Modi’s party wins 3 of 4 states in India elections

NEW DELHI, India — India’s ruling Hindu nationalist party won in three of four state elections, according to results released Sunday from a crucial vote that pitted the main opposition party against that of Prime Minister Narendra Modi before national polls next year.

Modi’s Bharatiya Janata Party, or BJP, wrested control of Chhattisgarh and Rajasthan states from Indian National Congress and was reelected in Madhya Pradesh for a record fifth term, according to the election commission’s website.

The Congress party comfortably won in Telangana state, which is ruled by the strong Telangana Rashtra Samithi, known for opposing BJP.

Vote counting in a fifth state, Mizoram, is set for Monday where BJP’s regional ally, the Mizo National Front, is in power.

The elections in the five states were held last month and more than 160 million people, or a sixth of India’s electorate, were eligible to vote. Polling in India is generally done in phases owing to the large population.

Modi thanked voters for “their unwavering support” in the states where his party was victorious.

“The results in Chhattisgarh, Madhya Pradesh and Rajasthan indicate that the people of India are firmly with politics of good governance and development, which the @BJP4India stands for,” Modi wrote on X, formerly known as Twitter.

Rahul Gandhi, the Congress leader, conceded defeat in the three states where his party lost. “The battle of ideology will continue,” he wrote on X, thanking the people of Telangana where his party won.

BJP workers celebrated by dancing wearing Modi masks, distributing sweets and smearing colors on each others’ faces.

At the party headquarters in New Delhi, Modi walked among BJP activists who showered him with flower petals, chanting “Long live Mother India” and other slogans. In a speech, he said the results were “a victory for honesty, transparency and good governance.”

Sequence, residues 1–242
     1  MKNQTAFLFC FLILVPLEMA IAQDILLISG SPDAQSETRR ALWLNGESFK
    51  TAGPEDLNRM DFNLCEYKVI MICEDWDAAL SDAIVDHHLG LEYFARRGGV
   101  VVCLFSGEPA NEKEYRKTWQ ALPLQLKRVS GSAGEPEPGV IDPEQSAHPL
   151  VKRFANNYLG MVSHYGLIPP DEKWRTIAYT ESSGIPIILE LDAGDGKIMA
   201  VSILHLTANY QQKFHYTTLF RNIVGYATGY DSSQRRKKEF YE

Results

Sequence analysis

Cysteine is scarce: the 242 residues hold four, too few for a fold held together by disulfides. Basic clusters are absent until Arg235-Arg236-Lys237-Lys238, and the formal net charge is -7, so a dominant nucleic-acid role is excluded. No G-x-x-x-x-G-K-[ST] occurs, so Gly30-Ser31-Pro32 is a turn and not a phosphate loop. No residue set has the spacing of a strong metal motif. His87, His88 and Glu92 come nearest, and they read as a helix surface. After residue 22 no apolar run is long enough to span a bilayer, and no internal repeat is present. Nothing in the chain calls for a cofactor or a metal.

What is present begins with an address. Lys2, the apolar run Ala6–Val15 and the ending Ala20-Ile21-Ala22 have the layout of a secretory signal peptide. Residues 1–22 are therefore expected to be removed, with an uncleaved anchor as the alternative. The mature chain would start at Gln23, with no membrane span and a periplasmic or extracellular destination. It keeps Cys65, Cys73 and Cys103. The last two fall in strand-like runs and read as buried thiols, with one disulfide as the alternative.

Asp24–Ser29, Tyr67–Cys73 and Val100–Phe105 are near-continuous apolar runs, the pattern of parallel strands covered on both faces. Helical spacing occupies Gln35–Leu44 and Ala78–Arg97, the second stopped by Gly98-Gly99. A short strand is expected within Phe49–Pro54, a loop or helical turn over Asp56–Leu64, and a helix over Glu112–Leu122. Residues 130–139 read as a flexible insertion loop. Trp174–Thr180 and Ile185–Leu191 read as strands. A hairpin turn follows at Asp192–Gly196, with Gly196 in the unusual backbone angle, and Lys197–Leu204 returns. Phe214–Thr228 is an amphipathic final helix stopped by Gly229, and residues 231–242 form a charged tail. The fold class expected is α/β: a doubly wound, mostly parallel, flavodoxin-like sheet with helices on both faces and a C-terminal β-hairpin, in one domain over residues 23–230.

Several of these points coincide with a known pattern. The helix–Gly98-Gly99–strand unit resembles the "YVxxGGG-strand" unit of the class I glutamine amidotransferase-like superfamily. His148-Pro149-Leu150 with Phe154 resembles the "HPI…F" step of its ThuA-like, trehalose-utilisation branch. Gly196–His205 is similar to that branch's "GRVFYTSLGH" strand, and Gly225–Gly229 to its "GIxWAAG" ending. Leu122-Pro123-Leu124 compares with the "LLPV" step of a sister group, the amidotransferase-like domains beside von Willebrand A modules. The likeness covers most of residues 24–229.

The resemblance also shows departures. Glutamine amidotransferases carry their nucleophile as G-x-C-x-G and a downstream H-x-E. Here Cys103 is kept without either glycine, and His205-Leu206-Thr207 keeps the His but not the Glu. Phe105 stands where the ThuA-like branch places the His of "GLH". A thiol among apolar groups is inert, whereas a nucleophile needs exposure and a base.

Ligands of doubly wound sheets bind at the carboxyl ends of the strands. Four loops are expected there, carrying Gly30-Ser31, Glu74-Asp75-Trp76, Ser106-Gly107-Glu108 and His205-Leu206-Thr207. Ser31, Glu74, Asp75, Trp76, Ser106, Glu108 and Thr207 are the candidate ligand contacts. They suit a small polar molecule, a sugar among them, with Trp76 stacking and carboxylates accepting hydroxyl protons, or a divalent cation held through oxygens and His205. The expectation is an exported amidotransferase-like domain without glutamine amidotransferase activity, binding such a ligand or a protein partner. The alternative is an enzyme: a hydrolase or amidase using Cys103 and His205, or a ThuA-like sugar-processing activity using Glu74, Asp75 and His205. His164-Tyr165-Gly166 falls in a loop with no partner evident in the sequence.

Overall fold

Modi and his party remain popular on a national level after nearly a decade in power, and surveys suggest he will win a third consecutive term in 2024. But a new alliance of 28 opposition parties, called INDIA, is expected to challenge Modi’s party nationally. The acronym, which stands for Indian National Developmental Inclusive Alliance, is made up of India’s previously fractured opposition parties and is led by the Congress party.

Both Modi and Gandhi flew across the five states to woo voters before the election. The charged-up voting campaigns witnessed both leaders promising voters subsidies, loan waivers and employment guarantees.

Modi will seek reelection next year at a time when India’s global diplomatic reach is rising. But in recent polls, Congress has dented his party’s image of invincibility by toppling local BJP governments in state elections in southern Karnataka and northern Himachal Pradesh.

The elections come at a time when India is facing multiple challenges, including rising unemployment, attacks by Hindu nationalists against the country’s minorities, particularly Muslims, and a shrinking space for dissent and free media.


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